Liya Kebede

Women’s empowerment and sustainability were the key topics at a seminar titled, “Women Are Good for Business” at the Fashion Culture Design “UnConference” held at the New School University Center.

Liya Kebede, founder of Lemlem, the Ethiopian hand-woven women’s and children’s clothing and cotton scarves company; Mary Alice Stephenson, founder and president of Glam4Good, a women and girls’ empowerment platform, and Marlo Tablante, sustainability manager of H&M in the U.S., shared their views on a panel that was moderated by Hitha Herzog on Friday.

Mary Alice Stephenson, Marlo Tablante, Hitha Herzog, Liya Kebede

Mary Alice Stephenson, Marlo Tablante, Hitha Herzog and Liya Kebede.  Griffin Lipson/

Kebede, who is also a model and activist, said the reason Lemlem was created was to find a solution to a problem in Ethiopia. Historically, people there wore handmade clothes, but with Westernization, they started wearing more T-shirts and jeans made elsewhere. “The weavers were jobless,” she said.

Kebede visited this area, where hundreds of weavers were trying to sell their product, but they didn’t have a market any longer. “The idea was we should be helping and promoting these artisans. Helping sustain people and giving them a place where they can blossom,” she said.

As a result, she opened the market for Ethiopian weavers to sell their wares to a larger market in the U.S. In addition, she noted, people are looking for new places to produce clothing “and Africa is the next place people are looking into.” But as much as she’d like the economies to grow in African countries, she wants to make sure they’re not making uniforms and low-cost production, but rather are doing high-quality goods.

Stephenson said that when she left the fashion industry to start her non-profit organization, people were shocked. But she has used her connections with the fashion and beauty industry to empower and help others. Good4Glam partners with nonprofits, media outlets and fashion brands to provide makeovers, and fashion experiences for people in need.

“I’m not Bono. It took me a while,” she said. “Actual impact isn’t sitting around and having your picture taken in a T-shirt with an empowerment logo. If you want to use your social media and influence or status to actually help people, then you connect with foundations like Glam4Good. It’s really, really hard to actually help people. It takes money and funding,” she said.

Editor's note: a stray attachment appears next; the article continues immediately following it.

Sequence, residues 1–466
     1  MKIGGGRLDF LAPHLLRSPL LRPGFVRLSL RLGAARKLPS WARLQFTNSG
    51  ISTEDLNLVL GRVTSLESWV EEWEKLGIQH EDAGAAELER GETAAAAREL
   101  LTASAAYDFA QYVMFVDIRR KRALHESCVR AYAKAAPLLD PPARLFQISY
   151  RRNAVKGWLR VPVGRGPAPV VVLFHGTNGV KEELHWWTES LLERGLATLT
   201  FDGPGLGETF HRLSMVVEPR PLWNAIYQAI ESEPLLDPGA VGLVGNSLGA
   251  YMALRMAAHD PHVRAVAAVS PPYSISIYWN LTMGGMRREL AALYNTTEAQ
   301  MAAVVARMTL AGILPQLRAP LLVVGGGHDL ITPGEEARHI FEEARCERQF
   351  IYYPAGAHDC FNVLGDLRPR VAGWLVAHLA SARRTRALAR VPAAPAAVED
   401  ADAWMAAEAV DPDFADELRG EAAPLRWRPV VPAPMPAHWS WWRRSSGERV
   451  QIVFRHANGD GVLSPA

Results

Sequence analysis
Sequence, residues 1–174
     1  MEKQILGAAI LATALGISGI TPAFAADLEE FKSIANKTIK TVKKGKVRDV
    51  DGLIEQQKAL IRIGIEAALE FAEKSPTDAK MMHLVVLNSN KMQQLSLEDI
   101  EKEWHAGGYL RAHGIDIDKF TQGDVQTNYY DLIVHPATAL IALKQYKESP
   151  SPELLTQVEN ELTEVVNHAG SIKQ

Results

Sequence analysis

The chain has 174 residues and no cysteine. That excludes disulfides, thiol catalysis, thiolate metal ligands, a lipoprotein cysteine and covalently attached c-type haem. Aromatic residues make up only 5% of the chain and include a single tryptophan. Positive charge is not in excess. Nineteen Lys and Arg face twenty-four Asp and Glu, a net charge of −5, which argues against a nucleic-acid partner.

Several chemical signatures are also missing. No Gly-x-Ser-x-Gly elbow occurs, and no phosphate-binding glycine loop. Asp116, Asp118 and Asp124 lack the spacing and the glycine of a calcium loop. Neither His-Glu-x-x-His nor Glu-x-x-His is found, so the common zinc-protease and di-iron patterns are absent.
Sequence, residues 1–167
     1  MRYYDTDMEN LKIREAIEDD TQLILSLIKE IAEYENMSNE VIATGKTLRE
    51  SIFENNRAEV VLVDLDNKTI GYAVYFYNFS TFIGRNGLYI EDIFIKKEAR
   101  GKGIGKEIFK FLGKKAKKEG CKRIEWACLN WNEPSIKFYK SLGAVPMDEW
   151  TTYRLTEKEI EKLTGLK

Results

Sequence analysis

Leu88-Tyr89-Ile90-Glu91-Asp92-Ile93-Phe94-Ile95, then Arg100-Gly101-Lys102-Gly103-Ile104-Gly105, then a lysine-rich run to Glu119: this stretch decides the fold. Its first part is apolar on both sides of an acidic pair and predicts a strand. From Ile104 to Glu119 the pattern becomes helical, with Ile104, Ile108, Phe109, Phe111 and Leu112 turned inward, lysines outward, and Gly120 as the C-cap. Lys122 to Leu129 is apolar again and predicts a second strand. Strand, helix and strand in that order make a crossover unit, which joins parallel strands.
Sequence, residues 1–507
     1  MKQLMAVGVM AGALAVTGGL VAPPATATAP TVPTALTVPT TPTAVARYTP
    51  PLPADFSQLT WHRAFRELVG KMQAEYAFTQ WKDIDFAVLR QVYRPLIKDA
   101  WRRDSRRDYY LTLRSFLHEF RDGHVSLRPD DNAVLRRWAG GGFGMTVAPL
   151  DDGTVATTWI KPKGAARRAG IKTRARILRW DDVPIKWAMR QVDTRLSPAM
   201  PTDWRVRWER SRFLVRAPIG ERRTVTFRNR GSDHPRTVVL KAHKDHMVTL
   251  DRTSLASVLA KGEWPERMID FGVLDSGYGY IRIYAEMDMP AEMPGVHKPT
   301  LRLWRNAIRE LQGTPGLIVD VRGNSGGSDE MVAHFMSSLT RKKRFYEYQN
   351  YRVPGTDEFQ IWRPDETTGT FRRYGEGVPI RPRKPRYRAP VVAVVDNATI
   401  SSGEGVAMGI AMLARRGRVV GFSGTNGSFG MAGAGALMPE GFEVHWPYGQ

Tablante said H&M has been doing sustainability since 1995, working with chemicals and figuring out how to clean the water where the company produces its clothes. The retailer has looked at the impact of its business on people, the environment and the process of making and selling the clothes. “We’re looking at it long-term. We have goals we’re looking to achieve over the next 20 years,” she said. One of the goals is to only use sustainable materials by 2030, she said.

Asked about the role of social media, Kebede said the company spends a lot of time on the product and then telling the story behind it. “I don’t like putting the story in front of the product,” she said. “I don’t like sharing my personal life on social media. It’s become such an animal, I don’t really know. I think that the product speaks for itself. It’s a shame that people don’t know the story behind it, but that’s not what I’m selling,” she said.

Stephenson said she has always used social media to show people the power that the fashion and beauty industries have. “Gen Z shows off everything. Why don’t they show off service?” She works with high school students and wants them to show off what’s important to them through social media.

Tablante of H&M said if social media is used to talk about social issues, she’s OK with that. “That’s how people are communicating and connecting with each other and staying in touch with one another. It’s a global world and social media is a powerful tool,” she said. She added H&M is the second largest global retailer and has to be where its customer is. “If they’re on social media and they’re talking about gender, then we’re going to do that too,” said Tablante.

Discussing women’s empowerment, Tablante noted women at H&M make up the biggest share of the business and the product. “Women at H&M are at the table,” she said. Fifty-eight percent of H&M’s board are women, 76 percent of the retail staff are women, and 73 percent are managers. The chief financial officer in the U.S. is also a woman.

Kebede said at Lemlem, 90 percent at headquarters are women, but the weavers are mostly men, because the tradition of weaving is passed down from father to son — but the women spin the cotton and mostly women sew the clothes.

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